Thursday, June 21, 2012

Getting what you want out of a PDF with REMnux

This has been ported over to my GitHub site and is not longer being maintained here. For any issues, comments or updates head here.

I was talking recently with someone Melissa who brought up the fact that she was having a problem extracting something from a PDF.  It was cheating a little bit since we knew there was definitely something there to extract and look for because of another analysis previously posted.  When I read a post about someone doing an analysis I always like when they show a little more details about how they got to the end result and not just showing the end result - and this was a case of the latter.  As a result of this little exercise I thought I would write a quick post on how to do the same type of thing with the CVE-2010-0188 shown here.

I know there's a wealth of write ups for analyzing PDF's but only a handful are solely done in REMnux and they don't always show multiple ways to get the job done.  I have no problem analyzing on a Windows system with something like PDF Stream Dumper (love the new JS UI) but the fact that REMnux is so feature and tool packed makes it possible to solely stick within its environment to tackle your analysis if need be.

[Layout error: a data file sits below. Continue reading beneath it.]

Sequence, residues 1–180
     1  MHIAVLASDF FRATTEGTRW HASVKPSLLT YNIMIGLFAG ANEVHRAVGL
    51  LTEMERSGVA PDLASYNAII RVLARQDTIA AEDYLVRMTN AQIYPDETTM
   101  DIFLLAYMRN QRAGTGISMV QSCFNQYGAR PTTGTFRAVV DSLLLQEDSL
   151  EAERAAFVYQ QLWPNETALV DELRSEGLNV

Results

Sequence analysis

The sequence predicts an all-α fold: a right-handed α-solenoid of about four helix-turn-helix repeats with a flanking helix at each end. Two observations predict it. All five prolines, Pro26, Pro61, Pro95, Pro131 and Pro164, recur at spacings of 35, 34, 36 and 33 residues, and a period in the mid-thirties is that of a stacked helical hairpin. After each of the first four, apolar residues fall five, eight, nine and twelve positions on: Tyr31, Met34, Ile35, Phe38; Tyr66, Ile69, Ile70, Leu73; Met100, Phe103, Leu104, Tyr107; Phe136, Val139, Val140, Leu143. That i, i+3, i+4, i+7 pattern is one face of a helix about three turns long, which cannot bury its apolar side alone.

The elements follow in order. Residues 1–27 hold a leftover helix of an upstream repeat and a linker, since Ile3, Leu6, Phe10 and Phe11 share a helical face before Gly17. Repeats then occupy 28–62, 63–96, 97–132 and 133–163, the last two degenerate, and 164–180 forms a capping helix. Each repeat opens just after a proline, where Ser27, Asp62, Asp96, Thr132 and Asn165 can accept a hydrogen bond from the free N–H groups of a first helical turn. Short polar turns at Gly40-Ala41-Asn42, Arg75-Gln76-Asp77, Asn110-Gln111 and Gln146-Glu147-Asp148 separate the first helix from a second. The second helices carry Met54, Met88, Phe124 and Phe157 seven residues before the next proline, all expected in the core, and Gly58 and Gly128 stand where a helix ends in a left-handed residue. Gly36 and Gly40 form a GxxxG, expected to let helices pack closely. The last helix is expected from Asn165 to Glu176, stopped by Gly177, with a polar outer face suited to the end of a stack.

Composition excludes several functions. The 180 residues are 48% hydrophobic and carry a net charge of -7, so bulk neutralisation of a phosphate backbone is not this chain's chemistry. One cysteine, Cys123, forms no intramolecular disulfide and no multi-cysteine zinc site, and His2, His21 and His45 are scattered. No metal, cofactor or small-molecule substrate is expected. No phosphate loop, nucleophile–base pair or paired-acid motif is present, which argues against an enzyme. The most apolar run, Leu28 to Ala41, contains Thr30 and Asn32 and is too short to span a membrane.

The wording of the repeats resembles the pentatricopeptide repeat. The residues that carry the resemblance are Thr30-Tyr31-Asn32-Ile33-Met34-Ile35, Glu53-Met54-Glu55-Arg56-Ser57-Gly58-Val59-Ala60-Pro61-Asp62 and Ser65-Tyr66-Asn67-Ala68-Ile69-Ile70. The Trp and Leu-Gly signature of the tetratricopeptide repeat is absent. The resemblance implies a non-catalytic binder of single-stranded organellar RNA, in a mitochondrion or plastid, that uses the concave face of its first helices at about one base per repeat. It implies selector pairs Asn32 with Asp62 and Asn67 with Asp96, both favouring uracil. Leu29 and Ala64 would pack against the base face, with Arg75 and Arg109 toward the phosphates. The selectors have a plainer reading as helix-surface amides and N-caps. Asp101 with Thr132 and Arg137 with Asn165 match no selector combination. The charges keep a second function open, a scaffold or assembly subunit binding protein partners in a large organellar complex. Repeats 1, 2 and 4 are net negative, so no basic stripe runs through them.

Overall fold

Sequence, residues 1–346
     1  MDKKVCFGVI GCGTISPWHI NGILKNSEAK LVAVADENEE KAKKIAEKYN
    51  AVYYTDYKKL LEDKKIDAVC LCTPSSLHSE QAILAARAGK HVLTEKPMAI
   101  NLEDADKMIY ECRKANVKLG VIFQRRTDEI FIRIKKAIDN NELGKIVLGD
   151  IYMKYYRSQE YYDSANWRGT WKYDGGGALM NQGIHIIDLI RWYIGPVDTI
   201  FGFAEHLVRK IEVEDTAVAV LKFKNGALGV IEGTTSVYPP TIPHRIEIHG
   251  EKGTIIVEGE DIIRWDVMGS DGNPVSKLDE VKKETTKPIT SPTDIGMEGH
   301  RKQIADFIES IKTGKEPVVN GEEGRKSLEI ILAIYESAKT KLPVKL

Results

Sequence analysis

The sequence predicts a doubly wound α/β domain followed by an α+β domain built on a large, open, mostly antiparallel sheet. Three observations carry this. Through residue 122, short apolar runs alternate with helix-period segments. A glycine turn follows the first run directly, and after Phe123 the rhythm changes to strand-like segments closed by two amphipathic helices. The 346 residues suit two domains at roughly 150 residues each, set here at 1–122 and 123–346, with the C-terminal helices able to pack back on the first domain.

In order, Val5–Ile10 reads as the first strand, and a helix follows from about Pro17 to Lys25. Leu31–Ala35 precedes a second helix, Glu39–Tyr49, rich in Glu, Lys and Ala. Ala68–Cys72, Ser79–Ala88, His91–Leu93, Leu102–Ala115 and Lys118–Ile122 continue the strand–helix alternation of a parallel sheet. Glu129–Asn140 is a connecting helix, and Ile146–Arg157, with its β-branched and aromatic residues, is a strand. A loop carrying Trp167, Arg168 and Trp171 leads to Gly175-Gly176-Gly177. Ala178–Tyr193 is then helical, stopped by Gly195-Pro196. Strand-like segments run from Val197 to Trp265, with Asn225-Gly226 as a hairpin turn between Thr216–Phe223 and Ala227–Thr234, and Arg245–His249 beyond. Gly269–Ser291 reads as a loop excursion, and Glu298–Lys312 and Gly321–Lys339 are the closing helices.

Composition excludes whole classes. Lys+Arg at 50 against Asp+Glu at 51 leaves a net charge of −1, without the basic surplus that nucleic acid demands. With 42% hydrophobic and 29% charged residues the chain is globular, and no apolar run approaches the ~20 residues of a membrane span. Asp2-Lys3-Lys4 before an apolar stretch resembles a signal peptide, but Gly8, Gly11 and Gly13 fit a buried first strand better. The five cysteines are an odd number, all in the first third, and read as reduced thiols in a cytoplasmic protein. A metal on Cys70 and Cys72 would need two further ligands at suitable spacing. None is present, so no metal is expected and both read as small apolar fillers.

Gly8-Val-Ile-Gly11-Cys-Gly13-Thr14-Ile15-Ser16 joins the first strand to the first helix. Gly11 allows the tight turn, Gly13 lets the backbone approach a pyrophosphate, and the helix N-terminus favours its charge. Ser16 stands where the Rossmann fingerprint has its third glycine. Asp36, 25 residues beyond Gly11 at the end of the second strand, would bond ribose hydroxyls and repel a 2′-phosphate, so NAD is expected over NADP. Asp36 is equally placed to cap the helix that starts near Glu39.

One of the first things I run on any file I'm analyzing is 'hachoir-subfile'.  There's other tools within this suite which are also useful but this one isn't necessarily file type specific so it's a great tool to run during your analysis and see if you can get any hits... unfortunately, I didn't get any in this instance.

Method 1

Most of you are probably familiar with pdfxray and while the full power of it isn't within REMnux, there's still a slimmed down version, pdfxray_lite, which can provide you an easy to view overview of the PDF: